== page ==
Monday, March 29, 2010

Horton Foote and David Mamet in Conversation, part II

Here is another page of my notes on the program Horton Foote and David Mamet gave at the 92nd Street Y in 1986, the first part of which is here. I will post additional material if I find more pages.

Mamet: [In Hollywood] if someone gets shot in Act III, they don’t see why they can’t get shot in Acts I and II also.

Mamet: More and more, the kind of movie I like is a silent movie.

Mamet: Wait a second—you’re writing about human beings and I’m writing about Chicago?
Foote: I mean, human beings in Chicago.

Mamet: ...wishing they hadn’t sent the limo because you know you’re going to pay for it at the story conference.

Mamet: They always invite me to come on the set... they never mean it. Sure, I’d love to stand on the corner for three hours feeling like a damn fool while they massacre my screenplay.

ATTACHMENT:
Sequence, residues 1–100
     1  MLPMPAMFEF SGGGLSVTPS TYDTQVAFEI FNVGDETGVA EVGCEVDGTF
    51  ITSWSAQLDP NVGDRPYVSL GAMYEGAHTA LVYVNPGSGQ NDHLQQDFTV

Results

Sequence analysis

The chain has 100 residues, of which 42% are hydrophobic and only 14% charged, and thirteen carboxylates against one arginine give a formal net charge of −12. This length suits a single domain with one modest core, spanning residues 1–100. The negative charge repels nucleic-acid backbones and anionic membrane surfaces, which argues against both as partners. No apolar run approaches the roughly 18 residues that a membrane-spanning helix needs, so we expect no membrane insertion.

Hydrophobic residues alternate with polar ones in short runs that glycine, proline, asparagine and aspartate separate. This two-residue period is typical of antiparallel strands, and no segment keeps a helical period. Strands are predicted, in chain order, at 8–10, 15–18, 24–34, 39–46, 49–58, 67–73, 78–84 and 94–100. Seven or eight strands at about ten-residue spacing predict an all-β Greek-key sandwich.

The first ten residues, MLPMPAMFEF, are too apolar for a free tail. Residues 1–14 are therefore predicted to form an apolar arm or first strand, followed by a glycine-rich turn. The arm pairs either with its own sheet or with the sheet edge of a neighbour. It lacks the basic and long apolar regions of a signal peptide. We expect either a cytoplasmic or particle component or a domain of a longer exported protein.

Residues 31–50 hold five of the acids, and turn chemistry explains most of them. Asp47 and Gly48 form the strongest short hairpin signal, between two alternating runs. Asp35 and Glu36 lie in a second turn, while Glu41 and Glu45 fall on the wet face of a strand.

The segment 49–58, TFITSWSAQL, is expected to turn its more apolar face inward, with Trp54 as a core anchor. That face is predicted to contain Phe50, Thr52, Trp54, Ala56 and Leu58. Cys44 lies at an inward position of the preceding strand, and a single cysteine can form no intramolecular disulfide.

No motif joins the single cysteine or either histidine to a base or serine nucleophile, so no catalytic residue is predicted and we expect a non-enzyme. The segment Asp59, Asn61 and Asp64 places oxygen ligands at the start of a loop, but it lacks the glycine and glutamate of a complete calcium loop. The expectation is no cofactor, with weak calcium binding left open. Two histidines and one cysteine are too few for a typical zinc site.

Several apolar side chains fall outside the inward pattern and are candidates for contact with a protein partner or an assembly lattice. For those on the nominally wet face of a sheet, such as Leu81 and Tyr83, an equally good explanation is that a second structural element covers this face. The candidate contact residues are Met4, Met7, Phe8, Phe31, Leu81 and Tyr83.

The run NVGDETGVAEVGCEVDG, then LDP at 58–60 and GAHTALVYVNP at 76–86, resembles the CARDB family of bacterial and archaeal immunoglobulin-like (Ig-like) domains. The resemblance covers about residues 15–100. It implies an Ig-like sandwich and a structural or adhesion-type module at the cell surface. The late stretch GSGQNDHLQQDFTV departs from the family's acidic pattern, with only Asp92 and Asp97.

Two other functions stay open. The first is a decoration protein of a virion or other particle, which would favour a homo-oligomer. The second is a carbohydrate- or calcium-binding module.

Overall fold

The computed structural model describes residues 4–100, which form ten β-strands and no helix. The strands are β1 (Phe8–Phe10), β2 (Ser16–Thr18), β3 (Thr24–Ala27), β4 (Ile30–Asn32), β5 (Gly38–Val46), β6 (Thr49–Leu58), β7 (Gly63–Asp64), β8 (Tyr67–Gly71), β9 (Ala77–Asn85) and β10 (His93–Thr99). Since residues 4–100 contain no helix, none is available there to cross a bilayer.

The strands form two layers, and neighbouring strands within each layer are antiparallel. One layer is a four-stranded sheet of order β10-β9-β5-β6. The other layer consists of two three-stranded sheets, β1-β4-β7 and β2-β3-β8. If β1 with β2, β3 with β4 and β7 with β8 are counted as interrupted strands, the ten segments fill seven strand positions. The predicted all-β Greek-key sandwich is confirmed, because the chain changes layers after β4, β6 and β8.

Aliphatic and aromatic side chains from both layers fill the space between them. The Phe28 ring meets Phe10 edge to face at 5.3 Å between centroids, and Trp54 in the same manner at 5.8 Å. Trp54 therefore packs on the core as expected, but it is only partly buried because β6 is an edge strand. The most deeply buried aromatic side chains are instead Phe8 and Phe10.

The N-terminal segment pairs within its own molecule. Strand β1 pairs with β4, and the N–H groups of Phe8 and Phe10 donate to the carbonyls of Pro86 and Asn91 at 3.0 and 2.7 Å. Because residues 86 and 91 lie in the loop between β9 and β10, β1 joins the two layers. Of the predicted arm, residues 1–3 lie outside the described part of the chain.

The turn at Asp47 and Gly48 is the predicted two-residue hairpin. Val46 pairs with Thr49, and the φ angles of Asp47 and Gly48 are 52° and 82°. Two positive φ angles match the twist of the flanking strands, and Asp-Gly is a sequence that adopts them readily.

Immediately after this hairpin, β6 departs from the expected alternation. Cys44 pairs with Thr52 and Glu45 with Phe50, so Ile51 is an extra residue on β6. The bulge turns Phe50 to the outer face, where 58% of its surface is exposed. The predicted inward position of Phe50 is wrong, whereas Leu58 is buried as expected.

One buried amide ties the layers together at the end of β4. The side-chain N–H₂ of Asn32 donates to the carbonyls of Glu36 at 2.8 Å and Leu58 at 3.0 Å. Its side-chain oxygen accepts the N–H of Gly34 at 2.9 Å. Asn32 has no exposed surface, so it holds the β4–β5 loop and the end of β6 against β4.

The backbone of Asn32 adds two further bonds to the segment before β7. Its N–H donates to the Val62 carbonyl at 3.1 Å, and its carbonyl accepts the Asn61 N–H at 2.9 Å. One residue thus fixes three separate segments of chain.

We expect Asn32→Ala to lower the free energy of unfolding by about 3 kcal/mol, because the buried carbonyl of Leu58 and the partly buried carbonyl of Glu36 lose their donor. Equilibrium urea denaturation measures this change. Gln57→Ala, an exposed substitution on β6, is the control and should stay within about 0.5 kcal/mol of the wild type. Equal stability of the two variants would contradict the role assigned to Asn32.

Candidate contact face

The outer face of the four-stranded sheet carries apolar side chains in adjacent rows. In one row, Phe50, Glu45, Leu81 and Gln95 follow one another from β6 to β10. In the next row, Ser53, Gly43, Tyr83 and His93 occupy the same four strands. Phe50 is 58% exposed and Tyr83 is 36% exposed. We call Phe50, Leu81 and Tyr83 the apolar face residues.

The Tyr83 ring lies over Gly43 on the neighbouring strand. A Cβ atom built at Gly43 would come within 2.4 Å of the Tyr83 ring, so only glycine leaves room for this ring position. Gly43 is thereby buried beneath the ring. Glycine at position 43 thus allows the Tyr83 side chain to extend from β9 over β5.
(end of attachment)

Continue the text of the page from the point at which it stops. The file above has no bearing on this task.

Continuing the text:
Mamet: It’s like the mother of Moses—you just watch your baby go [when you sell the copyright].

Mamet: All you can put on the screen is the narrative line or what Aristotle called the ‟structure of the incidents.”

Foote: Couldn’t your work [About Last Night, based on Sexual Perversity in Chicago] have been done correctly?
Mamet: Yes, but it was done by venal and unpleasant people.

Foote: I wanted to be an actor in the worst way.
Mamet: I did too. I was an actor in the worst way.

No comments: